How European and Chinese Arms Diverted to South Sudan Fueled Its Civil War

A new study, four years in the making, details the secret global supply chain sidestepping international arms embargoes on South Sudan.

South Sudanese anti-government forces display ammunition which they say was confiscated from government forces during fighting in September, in Panyume, South Sudan. (Sumy Sadurni/AFP/Getty Images)
South Sudanese anti-government forces display ammunition which they say was confiscated from government forces during fighting in September, in Panyume, South Sudan. (Sumy Sadurni/AFP/Getty Images)

A four-year-long investigation has revealed how arms and equipment from European Union member states and China funneled into East Africa and a web of front companies have fueled the deadly conflict in South Sudan.

The new report, released by the London-based Conflict Armament Research organization, shows how South Sudan’s neighbors sidestepped international arms embargoes to re-transfer weapons to both sides in the country’s devastating civil war, which has killed an estimated 383,000 people and sparked one of the world’s worst humanitarian emergencies.

Researchers analyzed hundreds of weapons and over 200,000 rounds of ammunition, the vast majority of which were manufactured in China.

The report highlights how a vast global supply chain of arms exporters and companies spanning Europe, Asia, and Africa have sustained South Sudan’s five-year civil war, and paints a forensic picture of how international arms embargoes were thwarted. It also brings new scrutiny to Uganda, which potentially violated European Union arms embargoes to funnel ammunition from Romania, Bulgaria, and Slovakia to South Sudan’s military—although Kampala now paints itself as a neutral broker in South Sudan’s latest peace talks.

In one instance detailed in the report, a network of companies run by U.S., British, Israeli, and Ugandan nationals shipped a U.S. military jet and Austrian-made surveillance aircraft to the South Sudanese military in 2015 and 2016 in a likely violation of U.S. arms export controls.

In another instance, two offshore companies registered in the Seychelles brokered ammunition shipments from Romania via Slovakia through Uganda to South Sudan in 2014 and 2015. Both Romania and Slovakia are members of the European Union, which imposed an arms embargo on South Sudan in 2011 immediately following the country’s independence from Sudan.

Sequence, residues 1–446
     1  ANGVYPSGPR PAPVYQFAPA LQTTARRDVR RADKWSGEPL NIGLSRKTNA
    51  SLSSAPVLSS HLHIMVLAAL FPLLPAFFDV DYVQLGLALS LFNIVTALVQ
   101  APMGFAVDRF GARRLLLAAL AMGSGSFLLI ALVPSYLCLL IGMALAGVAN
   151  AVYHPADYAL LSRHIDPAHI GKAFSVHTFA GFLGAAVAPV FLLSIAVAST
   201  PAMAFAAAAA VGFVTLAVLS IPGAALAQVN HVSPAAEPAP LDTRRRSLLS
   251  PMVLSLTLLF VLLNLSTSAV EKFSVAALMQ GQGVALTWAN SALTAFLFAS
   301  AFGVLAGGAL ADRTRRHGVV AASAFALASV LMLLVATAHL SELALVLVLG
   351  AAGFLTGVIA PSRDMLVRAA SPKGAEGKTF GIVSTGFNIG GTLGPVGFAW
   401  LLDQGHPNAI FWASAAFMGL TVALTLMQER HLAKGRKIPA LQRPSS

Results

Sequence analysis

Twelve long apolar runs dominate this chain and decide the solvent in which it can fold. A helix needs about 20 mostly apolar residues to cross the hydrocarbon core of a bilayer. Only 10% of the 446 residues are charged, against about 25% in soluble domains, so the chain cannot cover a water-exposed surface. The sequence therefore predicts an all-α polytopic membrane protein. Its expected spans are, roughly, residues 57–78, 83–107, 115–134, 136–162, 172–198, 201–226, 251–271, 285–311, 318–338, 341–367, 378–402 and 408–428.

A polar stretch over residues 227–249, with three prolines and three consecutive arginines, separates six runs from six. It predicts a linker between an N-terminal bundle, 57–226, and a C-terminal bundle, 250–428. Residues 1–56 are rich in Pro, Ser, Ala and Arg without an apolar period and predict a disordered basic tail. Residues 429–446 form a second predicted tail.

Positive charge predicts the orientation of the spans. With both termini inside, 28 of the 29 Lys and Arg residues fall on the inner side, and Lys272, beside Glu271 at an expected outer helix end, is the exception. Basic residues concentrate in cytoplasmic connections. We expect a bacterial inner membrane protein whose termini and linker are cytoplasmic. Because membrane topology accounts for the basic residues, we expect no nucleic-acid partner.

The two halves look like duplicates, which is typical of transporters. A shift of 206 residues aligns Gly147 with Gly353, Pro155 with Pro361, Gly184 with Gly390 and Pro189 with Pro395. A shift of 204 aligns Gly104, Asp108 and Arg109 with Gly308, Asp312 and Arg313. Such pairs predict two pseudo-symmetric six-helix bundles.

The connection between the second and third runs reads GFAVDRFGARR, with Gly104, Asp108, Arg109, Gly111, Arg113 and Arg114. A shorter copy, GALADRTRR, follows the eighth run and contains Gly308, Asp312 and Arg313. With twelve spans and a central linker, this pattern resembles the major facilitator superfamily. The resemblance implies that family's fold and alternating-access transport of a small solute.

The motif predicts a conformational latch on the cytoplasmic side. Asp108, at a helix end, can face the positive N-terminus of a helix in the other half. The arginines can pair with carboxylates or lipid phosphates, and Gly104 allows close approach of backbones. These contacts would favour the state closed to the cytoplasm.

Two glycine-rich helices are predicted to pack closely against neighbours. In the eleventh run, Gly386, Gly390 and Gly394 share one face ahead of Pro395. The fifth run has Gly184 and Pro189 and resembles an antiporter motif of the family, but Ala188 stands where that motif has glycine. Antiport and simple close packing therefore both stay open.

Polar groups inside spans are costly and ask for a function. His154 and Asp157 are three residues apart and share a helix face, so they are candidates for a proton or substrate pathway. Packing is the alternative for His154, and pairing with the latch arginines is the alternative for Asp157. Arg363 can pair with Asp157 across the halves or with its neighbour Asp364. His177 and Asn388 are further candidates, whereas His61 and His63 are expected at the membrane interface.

In each case, the report stresses there is no evidence the U.S. or European governments were aware these shipments were being re-transferred to South Sudan.

The embassies of Uganda and South Sudan did not respond to a request for comment on the report’s findings.

The United Nations Security Council imposed an arms embargo on South Sudan in July in an effort to end the country’s civil war. “We need to stop the flow of weapons that armed groups are using to fight each other and to terrorize the people,” U.S. Ambassador to the U.N. Nikki Haley, who championed the effort, said at the time.

Justine Fleischner, a lead researcher for the report, said that even though a U.N. arms embargo is now in place, it could take a long time for a country saturated with weapons to start seeing some of the effects. She said the research shows that a few large shipments of Chinese ammunition “have the capability to sustain this low technology conflict for years,” even though the Chinese halted ammunition shipments to South Sudan in 2014.

“It will take years for [the U.N. embargo] to have an impact in terms of physical access to ammunition,” she said. But she added the embargo was significant because it cut off South Sudan’s access to international support on logistics and maintaining military and surveillance aircraft, which “can be game-changers in these conflicts.”

The South Sudanese civil war began in 2013, two years after it declared independence from Sudan with backing from the United States. Since then, the conflict has spiraled into complex internecine warfare, with over a dozen warring factions and a succession of failed peace talks, driving the country further into humanitarian crisis. The United Nations estimates that 6.1 million South Sudanese—over half of the country’s population—require food aid, and 2.2 million have been displaced by conflict.

In September, South Sudanese President Salva Kiir and opposition leaders including Riek Machar, his former vice president, signed a power-sharing peace deal to bring about an end to the conflict, but policymakers in Washington are deeply skeptical the deal will stick, or that South Sudan can emerge from the conflict as a stable and functioning state.

“This state is so profoundly dysfunctional that cobbling it together is going to be extraordinarily difficult,” said Joshua Meservey, an expert on Africa at the Heritage Foundation, a Washington-based think tank. He said Kiir and Machar have given no signs they are willing to undertake meaningful reforms to build up the country, including disarming and demobilizing warring forces, allowing unfettered humanitarian access to the most war-torn regions of the country, rooting out widespread corruption, or laying a road map to free and fair elections.

“It’s likely that this [peace deal] could hold for a little while, but it’s all window dressing in my mind until they undertake truly substantive reforms and changes.”

FP’s Jefcoate O’Donnell contributed to this report.

Robbie Gramer is a diplomacy and national security reporter at Foreign Policy. Twitter: @RobbieGramer

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